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Framed Pictures, Canvas Prints
Posters & Jigsaws since 2004
 

Associated Gallery

Available as Framed Prints, Photos, Wall Art and Gift Items

Choose from 134 pictures in our Associated collection for your Wall Art or Photo Gift. Popular choices include Framed Prints, Canvas Prints, Posters and Jigsaw Puzzles. All professionally made for quick delivery.


Featured Print

Grafiti Wall, Belfast, 1973

?Graf?ti Wall?, Belfast, 1973 - Oil on board, by Ralph Lillford, 1973. Associated with Northern Ireland (1969-2007). During ?the Troubles?, Belfast street walls became a place for rival sectarian graf?ti, often painted layer upon layer. A form of psychological warfare which also demonstrated control of terrain, the slogans were often directed at the British Army, exhorting them to ?go home?, or else boasted of paramilitary loyalties, such as ?Provos Rule?. Periodically the Army would drive past these walls and throw paint bombs at the slogans. The soldier wears a fragmentation vest, commonly known as a flak jacket, over DPM (disruptive pattern material) jacket and trousers. He wears his visor up on his helmet and carries an anti-riot shield. Date: 1974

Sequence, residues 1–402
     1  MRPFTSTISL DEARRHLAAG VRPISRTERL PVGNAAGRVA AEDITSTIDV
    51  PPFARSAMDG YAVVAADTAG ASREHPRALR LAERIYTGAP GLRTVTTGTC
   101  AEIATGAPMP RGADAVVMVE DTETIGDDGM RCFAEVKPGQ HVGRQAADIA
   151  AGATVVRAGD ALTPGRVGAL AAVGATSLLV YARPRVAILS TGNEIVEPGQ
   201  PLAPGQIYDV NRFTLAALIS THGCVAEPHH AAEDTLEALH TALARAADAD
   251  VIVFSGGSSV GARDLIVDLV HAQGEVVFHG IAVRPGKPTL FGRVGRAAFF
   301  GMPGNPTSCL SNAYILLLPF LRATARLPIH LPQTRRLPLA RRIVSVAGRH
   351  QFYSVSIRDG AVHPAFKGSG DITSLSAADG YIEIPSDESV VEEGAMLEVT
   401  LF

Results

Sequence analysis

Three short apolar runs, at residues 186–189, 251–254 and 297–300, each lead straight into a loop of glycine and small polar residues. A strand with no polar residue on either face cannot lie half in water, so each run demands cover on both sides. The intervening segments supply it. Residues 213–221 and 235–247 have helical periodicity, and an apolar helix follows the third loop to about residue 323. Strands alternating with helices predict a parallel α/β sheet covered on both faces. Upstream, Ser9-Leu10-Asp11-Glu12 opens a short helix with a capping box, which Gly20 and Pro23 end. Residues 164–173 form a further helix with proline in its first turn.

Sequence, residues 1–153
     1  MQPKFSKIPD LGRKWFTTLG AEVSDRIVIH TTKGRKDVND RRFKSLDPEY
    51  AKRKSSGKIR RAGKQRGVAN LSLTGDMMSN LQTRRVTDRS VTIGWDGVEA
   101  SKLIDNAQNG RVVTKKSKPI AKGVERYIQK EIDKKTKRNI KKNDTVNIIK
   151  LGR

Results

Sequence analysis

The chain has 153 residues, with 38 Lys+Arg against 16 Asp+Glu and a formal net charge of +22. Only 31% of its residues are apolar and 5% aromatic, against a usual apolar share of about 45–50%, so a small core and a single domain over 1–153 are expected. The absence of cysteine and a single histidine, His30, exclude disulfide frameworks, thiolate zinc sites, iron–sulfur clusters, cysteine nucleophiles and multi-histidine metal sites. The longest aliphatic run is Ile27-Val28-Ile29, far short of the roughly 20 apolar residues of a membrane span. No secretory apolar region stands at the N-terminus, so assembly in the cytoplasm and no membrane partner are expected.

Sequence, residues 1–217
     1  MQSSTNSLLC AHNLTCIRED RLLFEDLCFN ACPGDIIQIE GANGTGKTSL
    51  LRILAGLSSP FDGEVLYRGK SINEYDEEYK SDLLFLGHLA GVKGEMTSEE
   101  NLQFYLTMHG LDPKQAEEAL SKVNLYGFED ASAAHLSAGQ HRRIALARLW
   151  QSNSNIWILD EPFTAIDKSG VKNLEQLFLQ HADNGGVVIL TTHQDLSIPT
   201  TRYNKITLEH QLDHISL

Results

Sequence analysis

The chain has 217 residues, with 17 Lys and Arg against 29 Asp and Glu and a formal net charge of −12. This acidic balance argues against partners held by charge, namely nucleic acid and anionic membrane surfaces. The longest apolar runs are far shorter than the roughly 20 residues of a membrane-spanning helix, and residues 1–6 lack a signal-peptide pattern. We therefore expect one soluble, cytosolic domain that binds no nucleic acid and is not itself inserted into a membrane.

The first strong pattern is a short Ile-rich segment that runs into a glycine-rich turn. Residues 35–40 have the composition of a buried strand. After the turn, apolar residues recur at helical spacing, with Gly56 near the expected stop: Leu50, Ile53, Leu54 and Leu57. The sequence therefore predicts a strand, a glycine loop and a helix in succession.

© The National Army Museum / Mary Evans Picture Library

Featured Print

Clerkenwell Cavalry

Clerkenwell Cavalry. Aquatint by and after Thomas Rowlandson, 1799 (c). From a volume of 86 aquatints entitled ?Loyal Volunteers of London and Environs?, published by R Ackermann, 101 Strand, London, 12 Aug 1799. Associated with Wars of the French Revolution, Home Defence (1793-1802). Date: circa 1799

© The National Army Museum / Mary Evans Picture Library

Featured Print

Soldiers of the 72nd (Duke of Albany?s Own Highlanders) Reg

Photograph: Soldiers of the 72nd (Duke of Albany?s Own Highlanders) Regiment, 1879. From an album of 60 photographs by John Burke, 1878-1880. Associated with Maj Gen Frederick Sleigh Roberts, 2nd Afghan War (1878-1880). Soldiers of the 72nd (Duke of Albany?s Own Highlanders) Regiment in Afghanistan exhibit the range of signalling devices available before the advent of either the field telephone or radio. Flags enabled the relaying of messages by semaphore. The Mance heliograph, a small mirror mounted on a tripod, worked by reflecting sunlight in order to flash messages in Morse code: on 22 April 1880, news of the Battle of Ahmed Khel was relayed by heliograph to another British column 50 miles away. At night, when there was no sunlight, the shuttered Aldis lamp was used to flash signals instead. Finally, the signallers? telescope enabled them to see long distance messages more easily. Date: 1879

© The National Army Museum / Mary Evans Picture Library